This enhancement is performed precisely as enveloping (using either
   'EnvelopedData' or 'SignedAndEnvelopedData' types) under PKCS-7. A
   message encrypted in this fashion, signed or otherwise, is PKCS-7
   compliant.  Encryption -- prearranged key

   This uses the 'EncryptedData' type of PKCS-7. In this mode, we
   encrypt the content using a DEK encrypted under cover of a prear-
   ranged session key (how this key may be exchanged is discussed
   later), with key identification information specified on one of the
   header lines. The IV is in the EncryptedContentInfo type of the
   EncryptedData element.  To generate signed, encrypted data, it is
   necessary to generate the 'SignedData' production and then encrypt it
   (since PKCS-7 does not support a 'SignedAndEncryptedData' type -- see
   Appendix A for a description of PKCS-7 operational modes.).

2.5.2.  Content-Privacy-Domain: MOSS

   The body of the message should be a MIME compliant message with con-
   tent type that matches the Content-Type line in the S-HTTP headers.
   Encrypted messages should use multipart/encrypted. Signed messages
   should use multipart/signed. However, since multipart/signed does not
   convey keying material, is is acceptable to use multipart/mixed where
   the first part is application/mosskey-data and the second part is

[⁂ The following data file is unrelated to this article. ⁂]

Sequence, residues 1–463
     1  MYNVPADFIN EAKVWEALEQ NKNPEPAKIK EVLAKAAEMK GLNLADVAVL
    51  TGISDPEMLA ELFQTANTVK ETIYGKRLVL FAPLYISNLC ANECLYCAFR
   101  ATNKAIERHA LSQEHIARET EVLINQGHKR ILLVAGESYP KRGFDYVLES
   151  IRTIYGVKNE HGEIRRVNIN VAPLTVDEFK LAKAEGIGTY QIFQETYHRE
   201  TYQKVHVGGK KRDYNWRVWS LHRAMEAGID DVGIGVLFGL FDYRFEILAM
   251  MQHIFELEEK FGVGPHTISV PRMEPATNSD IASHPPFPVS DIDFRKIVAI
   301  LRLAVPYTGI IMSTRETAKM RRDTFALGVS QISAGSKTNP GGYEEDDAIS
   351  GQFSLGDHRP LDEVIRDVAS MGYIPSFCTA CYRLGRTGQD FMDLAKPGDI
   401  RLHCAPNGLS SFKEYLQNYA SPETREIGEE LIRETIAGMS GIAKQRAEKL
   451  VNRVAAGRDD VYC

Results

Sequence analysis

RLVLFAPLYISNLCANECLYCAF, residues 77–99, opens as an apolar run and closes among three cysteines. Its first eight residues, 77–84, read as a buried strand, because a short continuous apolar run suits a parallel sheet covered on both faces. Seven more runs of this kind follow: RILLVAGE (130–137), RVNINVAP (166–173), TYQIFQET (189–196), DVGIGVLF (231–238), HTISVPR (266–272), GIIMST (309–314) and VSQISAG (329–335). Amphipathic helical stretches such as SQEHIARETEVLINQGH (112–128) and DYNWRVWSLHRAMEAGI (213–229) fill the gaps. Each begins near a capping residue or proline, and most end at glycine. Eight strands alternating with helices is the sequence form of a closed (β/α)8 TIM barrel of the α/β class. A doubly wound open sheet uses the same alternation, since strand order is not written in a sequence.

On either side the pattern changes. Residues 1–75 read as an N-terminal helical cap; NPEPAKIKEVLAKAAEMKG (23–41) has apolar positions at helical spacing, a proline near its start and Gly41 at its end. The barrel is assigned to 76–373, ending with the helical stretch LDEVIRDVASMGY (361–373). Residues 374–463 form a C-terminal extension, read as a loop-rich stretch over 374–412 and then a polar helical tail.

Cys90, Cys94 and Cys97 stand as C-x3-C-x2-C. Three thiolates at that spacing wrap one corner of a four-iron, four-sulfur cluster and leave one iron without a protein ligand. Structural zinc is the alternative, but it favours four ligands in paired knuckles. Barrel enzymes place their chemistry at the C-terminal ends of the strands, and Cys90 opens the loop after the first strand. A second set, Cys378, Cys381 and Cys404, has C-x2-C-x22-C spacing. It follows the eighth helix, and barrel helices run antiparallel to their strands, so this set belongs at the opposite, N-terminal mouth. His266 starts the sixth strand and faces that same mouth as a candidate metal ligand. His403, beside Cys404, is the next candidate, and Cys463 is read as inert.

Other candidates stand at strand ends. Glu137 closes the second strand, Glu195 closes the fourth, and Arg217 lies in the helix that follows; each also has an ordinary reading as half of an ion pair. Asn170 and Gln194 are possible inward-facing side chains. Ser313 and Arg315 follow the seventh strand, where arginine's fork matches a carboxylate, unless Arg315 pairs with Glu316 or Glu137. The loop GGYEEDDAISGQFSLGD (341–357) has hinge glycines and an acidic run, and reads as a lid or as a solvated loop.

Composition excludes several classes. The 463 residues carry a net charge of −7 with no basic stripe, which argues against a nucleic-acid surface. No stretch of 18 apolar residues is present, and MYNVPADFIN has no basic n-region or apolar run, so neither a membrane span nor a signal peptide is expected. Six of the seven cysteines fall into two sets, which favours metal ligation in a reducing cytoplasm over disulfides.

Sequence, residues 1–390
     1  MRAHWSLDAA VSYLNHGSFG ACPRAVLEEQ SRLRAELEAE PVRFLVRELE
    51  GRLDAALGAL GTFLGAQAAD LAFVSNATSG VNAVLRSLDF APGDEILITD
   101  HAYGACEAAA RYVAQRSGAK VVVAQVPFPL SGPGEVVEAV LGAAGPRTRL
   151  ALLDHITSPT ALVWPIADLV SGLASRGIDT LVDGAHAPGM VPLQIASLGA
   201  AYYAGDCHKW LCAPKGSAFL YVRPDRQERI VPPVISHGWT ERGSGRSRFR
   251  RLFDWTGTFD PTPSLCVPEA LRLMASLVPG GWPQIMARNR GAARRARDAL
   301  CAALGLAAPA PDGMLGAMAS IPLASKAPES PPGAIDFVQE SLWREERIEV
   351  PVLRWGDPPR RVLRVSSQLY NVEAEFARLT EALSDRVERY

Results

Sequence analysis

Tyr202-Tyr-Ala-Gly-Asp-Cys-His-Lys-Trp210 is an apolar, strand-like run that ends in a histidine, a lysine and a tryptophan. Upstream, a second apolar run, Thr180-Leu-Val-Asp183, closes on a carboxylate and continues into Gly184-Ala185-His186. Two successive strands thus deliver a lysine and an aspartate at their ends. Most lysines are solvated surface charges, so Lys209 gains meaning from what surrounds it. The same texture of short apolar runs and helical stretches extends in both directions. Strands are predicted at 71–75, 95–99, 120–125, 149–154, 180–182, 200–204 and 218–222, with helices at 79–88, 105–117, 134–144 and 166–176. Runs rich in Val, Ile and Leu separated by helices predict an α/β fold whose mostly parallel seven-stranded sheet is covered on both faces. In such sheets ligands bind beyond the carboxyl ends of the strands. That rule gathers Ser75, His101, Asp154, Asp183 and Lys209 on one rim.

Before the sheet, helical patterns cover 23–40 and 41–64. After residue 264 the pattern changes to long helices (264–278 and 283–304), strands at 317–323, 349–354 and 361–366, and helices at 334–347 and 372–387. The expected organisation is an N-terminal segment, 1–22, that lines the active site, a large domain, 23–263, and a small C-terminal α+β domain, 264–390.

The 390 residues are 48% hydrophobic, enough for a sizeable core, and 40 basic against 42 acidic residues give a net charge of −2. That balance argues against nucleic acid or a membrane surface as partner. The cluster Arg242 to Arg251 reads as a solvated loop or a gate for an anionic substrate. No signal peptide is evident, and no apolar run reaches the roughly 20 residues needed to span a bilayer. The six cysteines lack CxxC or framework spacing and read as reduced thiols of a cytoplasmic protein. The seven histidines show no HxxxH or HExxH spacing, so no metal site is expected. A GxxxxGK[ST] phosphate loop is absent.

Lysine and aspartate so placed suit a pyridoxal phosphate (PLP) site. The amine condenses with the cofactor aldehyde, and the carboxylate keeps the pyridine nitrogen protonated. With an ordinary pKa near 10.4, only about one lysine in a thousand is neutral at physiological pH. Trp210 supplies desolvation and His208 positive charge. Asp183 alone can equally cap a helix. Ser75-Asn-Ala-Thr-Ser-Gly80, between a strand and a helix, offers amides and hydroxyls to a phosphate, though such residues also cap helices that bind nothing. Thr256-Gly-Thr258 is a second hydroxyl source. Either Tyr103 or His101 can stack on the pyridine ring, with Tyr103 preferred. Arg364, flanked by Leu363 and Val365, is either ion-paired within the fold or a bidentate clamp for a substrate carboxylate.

multipart/mixed in order to convey certificates for use in verifying
   the signature.

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   Implementation Note: When both encryption and signature are applied
   by the same agent, signature should in general be applied before

2.5.3.  Imported HTTP headers  Overview

   Some HTTP facilities, particularly those involved with caching and
   proxies, require special consideration when S-HTTP processing has
   been applied. Secure HTTP makes special accomodation for these
   features by copying the relevant HTTP header lines into Secure HTTP
   header syntax as well.

   The behavior of these headers is intended to be in line with HTTP
   practice.  This text is largely paraphrased from HTTP/1.0. [BERN95b].
   Note that since the semantics of some of these headers may vary
   across HTTP versions, this document is the definitive reference for
   the meaning of these headers when present in S-HTTP headers.  Connection: Keep-Alive

   The 'Connection: Keep-Alive' header is designed to permit persistent
   connections between client/proxy and proxy/server pairs.  A client or
   proxy which desires persistent connections should send the header
   'Connection: Keep-Alive'. A server which agrees should respond with
   'Connection: Keep-Alive'.

   The persistent connection ends when either side closes the connection
   or after the receipt of a response which lacks the "keep-alive" key-
   word. The server may close the connection immediately after respond-
   ing to a request without a "keep-alive" keyword. A client can tell if
   the connection will be closed by looking for a "keep-alive" in the

   Proxies and gateways should remove the Keep-Alive header, though, of
   course, they may optionally regenerate it if they desire a persistent
   connection with the next hop. HTTP clients not using gateways and
   desiring a persistent connection with the server should not use this
   mechanism, but rather should use whatever mechanisms HTTP provides.  If-Modified-Since

   This may be used by the proxy to indicate that the document may be in